January - December 2012

The first few days of 2012 saw Bess's re-shaped front exhaust downpipe fitted and finally deemed satisfactory. The final hammered-out form of the pipe is shown below.

The early months of 2012 have seen Bess used as impeccably reliable everyday transport. Some evocative pictures of her in the late-winter woodland scenery are shown below.

Needless to say there's trouble brewing and its in the ignition switch which becomes increasingly unreliable, usually not allowing the engine to be switched off but also sometimes not allowing it to be started. Hence the internal plastic unit at the back of the switch was removed and cleaned out as shown below. However this did not cure its unreliability and so a second-hand one was obtained and fitted which finally solved the problem in early May 2012. 

Finally, Bess is back on the road again to admire the early spring foliage.

....but it might not be for long since the ignition switch problems have, as of the middle of May 2012, returned.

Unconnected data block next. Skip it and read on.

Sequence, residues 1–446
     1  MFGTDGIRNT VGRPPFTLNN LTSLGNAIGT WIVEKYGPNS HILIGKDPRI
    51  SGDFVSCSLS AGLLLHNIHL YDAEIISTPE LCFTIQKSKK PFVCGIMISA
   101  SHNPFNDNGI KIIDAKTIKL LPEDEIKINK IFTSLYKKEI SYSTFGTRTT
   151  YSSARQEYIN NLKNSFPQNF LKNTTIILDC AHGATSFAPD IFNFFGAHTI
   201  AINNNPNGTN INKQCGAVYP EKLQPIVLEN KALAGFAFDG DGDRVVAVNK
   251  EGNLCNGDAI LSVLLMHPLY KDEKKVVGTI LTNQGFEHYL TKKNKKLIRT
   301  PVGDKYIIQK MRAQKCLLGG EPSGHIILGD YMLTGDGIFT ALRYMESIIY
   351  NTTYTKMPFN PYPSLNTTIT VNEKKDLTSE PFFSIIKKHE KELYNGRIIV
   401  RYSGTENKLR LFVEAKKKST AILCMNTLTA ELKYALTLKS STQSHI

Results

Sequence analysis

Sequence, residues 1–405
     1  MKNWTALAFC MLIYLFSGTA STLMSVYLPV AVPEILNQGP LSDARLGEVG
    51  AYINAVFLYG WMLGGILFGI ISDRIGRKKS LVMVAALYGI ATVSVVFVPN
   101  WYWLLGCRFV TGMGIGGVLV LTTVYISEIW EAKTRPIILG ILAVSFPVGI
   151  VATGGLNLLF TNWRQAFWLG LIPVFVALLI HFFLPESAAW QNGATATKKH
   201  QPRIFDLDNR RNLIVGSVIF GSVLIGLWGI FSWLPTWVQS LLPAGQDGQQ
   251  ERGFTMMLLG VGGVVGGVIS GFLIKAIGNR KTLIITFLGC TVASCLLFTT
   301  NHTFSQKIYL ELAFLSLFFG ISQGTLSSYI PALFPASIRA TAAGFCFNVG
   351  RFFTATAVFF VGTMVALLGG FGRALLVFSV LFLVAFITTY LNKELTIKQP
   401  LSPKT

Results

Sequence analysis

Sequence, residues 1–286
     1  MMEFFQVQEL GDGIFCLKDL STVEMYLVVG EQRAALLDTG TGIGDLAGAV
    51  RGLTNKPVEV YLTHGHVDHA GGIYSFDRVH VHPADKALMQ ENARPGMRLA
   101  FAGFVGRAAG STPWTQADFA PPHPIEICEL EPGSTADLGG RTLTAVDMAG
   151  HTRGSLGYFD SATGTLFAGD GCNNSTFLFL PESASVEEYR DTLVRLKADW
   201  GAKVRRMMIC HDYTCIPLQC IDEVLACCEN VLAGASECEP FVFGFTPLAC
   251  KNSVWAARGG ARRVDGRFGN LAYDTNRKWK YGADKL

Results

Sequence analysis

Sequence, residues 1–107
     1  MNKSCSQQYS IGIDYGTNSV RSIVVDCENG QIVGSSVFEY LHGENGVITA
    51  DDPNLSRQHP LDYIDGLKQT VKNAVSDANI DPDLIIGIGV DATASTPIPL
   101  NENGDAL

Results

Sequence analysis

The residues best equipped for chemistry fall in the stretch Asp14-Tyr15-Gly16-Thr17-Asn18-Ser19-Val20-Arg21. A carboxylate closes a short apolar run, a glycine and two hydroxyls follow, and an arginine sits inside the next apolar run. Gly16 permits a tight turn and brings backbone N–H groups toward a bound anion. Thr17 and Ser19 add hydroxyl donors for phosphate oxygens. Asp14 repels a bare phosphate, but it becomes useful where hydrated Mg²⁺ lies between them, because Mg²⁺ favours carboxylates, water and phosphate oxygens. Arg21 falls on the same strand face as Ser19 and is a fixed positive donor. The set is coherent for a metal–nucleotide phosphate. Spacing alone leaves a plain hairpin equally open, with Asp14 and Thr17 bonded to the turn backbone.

Early June 2012 has seen Bess's old ignition switch cut out with a dremel and a second-hand replacement fitted; a couple of spare keys cut and all is working fine again so Bess can get back into the spring scenery.

But, to my utmost disbelief the problem returns. How can an ignition problem that is cured by tapping the ignition switch with a hammer be caused by anything other than a fault with the same said switch? But think, aren't there some relays clamped onto the steering column and perhaps one or two of these have something to do with the ignition? A quick look at the Haynes manual confirms my suspicions and a search through my heaps turns up a collection of spare relays. A look at the Haynes circuit diagram and a bit of relay swapping finally solves the problem and, as of early July, it has not returned. Now the challenge is on to return the car to its original glorious state of having one key which works everything (well, everything bar the petrol cap) so I am trying to find a workshop-type of person who can drill out the retaining peg in the ignition switch and allow me to swap the original barrel back into a functional ignition switch that can be popped back on the car.